• Department of Earth Science University of Bergen San Andreas Fault Zone - geomorphology R. Wallace R. Wallace M. Rymer NASA USGS USGS/SCAMP
    • Department of Earth Science University of Bergen San Andreas Fault – major earthquakes SCEC, 2006
    • Department of Earth Science University of Bergen San Andreas Fault Zone – creeping section Schulz and Wallace, 1997
    • Department of Earth Science University of Bergen North Anatolian Fault Zone Photo: S. Pucci
    • Department of Earth Science University of Bergen North Anatolian Fault Zone Armijo et al., 2005
    • Department of Earth Science University of Bergen North Anatolian Fault Zone - evolution • 11-13 My ago: Arabia/Eurasia collision → Anatolia moves west → creation of NAF in eastern Turkey • NAF propagates westwards (~11 cm/yr) • Marmara Sea segment is ~200 000 years old Armijo et al., 2005
    • Department of Earth Science University of Bergen North Anatolian Fault Zone - segmentation Barka and Kadinsky-Cade, 1988
    • Department of Earth Science University of Bergen North Anatolian Fault Zone - geomorphology Sengor et al., 2005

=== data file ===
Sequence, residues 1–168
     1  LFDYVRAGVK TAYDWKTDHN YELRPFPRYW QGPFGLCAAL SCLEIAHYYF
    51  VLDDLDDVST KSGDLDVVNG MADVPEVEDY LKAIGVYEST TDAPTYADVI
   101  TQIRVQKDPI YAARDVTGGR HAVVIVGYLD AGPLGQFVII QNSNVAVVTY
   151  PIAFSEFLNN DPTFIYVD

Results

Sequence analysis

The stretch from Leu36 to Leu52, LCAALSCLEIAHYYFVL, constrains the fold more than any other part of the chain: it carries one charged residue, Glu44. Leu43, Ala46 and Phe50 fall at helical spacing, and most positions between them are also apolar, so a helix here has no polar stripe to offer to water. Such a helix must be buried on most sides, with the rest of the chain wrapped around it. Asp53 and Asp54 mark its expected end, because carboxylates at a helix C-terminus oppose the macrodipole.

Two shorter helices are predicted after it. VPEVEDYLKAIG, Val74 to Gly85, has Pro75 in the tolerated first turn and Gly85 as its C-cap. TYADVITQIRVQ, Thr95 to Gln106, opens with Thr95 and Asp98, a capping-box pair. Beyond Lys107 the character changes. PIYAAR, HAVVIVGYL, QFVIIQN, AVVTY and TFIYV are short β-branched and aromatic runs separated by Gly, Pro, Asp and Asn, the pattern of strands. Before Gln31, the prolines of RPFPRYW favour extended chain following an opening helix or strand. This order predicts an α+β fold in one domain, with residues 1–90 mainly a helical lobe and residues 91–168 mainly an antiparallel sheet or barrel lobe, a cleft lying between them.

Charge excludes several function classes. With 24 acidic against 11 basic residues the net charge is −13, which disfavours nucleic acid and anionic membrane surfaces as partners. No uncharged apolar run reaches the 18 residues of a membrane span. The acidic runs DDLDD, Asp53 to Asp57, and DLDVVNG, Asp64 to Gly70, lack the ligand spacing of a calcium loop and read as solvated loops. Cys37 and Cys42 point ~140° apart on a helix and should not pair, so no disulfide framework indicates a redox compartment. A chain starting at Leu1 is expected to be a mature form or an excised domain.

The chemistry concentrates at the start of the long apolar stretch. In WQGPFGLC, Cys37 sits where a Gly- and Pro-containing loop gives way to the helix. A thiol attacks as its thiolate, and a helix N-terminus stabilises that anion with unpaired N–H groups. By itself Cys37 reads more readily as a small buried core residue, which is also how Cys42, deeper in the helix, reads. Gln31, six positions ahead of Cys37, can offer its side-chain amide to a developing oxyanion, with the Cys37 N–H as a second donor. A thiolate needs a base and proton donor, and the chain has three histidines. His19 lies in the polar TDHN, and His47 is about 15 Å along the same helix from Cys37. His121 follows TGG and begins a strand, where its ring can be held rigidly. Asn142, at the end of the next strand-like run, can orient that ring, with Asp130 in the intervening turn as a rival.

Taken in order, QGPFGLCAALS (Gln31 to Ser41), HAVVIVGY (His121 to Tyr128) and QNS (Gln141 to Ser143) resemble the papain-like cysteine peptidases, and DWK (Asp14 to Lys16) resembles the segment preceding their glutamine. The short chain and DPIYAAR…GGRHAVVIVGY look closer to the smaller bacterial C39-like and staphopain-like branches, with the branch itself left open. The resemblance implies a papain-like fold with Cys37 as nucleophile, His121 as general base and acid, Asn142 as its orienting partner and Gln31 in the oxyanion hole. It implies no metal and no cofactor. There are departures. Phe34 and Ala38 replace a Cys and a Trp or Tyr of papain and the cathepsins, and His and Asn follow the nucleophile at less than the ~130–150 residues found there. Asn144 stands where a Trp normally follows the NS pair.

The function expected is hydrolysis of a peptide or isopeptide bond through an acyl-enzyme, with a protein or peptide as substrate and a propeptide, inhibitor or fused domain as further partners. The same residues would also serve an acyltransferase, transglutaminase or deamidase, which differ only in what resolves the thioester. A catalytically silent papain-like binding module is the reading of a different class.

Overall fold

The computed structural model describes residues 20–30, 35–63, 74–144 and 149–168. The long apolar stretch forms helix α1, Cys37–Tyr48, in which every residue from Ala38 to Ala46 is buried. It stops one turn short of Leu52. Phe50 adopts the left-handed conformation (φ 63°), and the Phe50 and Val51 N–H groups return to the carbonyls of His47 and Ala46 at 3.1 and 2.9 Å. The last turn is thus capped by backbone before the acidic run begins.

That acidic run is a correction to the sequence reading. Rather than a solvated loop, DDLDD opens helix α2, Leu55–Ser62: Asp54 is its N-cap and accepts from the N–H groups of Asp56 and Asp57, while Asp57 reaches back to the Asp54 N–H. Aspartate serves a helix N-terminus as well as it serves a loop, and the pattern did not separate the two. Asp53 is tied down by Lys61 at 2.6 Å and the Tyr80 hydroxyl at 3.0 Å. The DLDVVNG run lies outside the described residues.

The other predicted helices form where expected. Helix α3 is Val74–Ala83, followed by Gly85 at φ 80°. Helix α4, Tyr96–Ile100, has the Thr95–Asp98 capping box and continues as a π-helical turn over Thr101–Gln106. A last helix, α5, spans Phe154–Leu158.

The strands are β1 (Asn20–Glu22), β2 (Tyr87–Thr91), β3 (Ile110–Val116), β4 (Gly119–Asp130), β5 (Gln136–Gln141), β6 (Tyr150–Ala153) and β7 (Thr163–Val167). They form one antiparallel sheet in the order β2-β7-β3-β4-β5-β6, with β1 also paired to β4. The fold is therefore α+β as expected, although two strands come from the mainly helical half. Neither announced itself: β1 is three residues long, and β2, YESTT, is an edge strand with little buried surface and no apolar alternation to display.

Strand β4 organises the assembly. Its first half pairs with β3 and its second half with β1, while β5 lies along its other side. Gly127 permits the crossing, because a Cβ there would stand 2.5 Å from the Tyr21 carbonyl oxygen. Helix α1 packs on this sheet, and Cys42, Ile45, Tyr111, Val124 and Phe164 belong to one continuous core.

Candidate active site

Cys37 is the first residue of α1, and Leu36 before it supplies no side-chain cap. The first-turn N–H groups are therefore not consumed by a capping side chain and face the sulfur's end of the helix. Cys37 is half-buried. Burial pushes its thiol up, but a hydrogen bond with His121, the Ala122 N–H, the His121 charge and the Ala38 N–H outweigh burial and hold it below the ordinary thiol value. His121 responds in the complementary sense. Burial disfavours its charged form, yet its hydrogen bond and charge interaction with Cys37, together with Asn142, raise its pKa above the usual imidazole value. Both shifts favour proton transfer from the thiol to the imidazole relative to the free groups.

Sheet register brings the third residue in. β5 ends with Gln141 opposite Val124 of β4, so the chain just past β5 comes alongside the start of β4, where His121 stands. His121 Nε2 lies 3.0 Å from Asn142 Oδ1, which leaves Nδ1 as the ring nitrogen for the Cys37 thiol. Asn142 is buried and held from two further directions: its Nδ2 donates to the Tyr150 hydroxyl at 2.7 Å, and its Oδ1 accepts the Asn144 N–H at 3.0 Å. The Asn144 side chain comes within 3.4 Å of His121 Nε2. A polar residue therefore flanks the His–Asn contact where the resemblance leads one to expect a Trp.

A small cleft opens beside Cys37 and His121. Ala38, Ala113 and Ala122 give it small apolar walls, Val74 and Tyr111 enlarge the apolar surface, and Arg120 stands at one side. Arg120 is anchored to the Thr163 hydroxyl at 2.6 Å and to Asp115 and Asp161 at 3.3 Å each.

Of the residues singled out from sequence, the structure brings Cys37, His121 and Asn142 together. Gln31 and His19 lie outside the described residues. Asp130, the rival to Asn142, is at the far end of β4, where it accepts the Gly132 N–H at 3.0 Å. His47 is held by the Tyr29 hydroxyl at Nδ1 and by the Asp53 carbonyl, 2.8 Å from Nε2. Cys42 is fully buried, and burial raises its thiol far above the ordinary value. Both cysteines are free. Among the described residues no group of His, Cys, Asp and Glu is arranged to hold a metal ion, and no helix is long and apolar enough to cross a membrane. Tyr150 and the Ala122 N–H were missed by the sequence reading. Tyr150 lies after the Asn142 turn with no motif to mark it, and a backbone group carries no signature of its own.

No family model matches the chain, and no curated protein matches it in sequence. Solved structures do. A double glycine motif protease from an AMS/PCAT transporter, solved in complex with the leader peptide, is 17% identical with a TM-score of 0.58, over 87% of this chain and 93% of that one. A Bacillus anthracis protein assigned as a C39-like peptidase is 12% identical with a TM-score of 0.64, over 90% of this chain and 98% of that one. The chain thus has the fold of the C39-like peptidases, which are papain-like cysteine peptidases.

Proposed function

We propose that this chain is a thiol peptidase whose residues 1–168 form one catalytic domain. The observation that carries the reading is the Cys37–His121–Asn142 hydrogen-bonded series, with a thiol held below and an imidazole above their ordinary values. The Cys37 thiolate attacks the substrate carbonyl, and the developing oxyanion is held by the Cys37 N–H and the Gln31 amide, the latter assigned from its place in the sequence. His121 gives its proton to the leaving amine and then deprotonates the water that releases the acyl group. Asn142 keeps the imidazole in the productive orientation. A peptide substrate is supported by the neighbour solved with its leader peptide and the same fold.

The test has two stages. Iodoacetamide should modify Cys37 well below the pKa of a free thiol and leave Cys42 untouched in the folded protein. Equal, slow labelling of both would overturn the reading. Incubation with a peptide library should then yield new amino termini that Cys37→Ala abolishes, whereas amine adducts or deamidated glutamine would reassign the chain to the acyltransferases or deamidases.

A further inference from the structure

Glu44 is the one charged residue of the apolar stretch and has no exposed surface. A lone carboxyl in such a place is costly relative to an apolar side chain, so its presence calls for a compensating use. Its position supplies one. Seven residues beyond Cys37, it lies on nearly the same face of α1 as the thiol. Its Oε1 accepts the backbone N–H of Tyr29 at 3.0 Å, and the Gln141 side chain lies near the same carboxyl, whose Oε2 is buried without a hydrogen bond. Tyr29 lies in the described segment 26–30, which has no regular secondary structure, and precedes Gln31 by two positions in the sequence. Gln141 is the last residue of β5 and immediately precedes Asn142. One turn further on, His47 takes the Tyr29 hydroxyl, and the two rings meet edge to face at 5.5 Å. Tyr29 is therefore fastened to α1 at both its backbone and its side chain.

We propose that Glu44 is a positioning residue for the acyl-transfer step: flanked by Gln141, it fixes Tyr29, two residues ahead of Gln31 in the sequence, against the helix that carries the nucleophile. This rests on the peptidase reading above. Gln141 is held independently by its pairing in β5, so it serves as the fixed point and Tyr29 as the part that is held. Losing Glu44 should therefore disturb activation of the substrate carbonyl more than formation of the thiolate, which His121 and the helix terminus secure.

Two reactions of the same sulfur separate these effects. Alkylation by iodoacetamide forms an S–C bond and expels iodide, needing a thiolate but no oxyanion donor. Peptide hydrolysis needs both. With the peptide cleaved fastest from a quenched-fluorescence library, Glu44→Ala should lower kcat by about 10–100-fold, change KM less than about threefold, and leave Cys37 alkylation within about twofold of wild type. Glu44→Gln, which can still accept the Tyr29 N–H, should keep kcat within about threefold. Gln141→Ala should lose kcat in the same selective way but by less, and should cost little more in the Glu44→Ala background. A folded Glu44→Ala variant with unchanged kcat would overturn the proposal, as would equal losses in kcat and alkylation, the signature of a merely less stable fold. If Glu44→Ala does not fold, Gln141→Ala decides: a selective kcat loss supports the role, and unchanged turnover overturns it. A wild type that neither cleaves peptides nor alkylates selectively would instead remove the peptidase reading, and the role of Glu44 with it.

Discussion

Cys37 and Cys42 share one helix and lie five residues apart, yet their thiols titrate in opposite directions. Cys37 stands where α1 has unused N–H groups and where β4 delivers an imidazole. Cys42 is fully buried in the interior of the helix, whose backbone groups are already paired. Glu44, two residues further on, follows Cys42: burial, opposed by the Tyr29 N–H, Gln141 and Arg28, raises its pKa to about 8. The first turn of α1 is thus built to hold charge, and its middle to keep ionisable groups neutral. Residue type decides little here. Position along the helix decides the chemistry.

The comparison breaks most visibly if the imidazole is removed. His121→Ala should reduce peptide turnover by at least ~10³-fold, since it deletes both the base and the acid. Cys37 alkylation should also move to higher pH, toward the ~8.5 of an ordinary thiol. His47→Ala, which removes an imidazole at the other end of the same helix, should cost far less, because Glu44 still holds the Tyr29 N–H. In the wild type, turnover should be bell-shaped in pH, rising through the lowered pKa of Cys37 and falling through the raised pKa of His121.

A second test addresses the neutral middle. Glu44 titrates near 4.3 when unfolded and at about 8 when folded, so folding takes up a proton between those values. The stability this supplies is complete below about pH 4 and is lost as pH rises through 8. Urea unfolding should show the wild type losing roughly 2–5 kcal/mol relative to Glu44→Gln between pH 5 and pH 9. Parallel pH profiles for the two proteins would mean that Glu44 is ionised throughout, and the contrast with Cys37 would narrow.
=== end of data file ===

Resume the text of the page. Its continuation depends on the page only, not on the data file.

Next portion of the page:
• Department of Earth Science University of Bergen North Anatolian Fault Zone - geomorphology Aksoy, 2004 Aksoy, 2004 Pucci, 2005 U. Arizona U. Arizona
    • Department of Earth Science University of Bergen North Anatolian Fault Zone – major earthquakes Barka et. al. (2002)
    • Department of Earth Science University of Bergen Factors affecting earthquake potential
    • SCEC A. Barka B. Bryant A. Barka Department of Earth Science University of Bergen Factors affecting earthquake potential • Maximum expected magnitude • Earthquake recurrence • Time elapsed since last large earthquake • Coulomb stress transfer • Fault segmentation
    • Department of Earth Science University of Bergen Maximum expected magnitude • One factor controlling earthquake magnitude is rupture area • Empirical study by Wells and Coppersmith (1994) gives relation between rupture length and magnitude • For strike-slip faults: Magnitude Rupture length 6 14 km 7 60 km 7.5 120 km 8 245 km
    • Department of Earth Science University of Bergen Maximum expected magnitude - SAFZ Schulz and Wallace, 1997 • Precence of creeping sections limits the maximum magnitude along SAF • Maximum expected magnitude M=8+
    • Department of Earth Science University of Bergen Maximum expected magnitude - NAFZ Barka et. al. (2002) • Controlled by fault segmentation • Limited by significant fault bends or offsets • Maximum expected magnitude M=8.0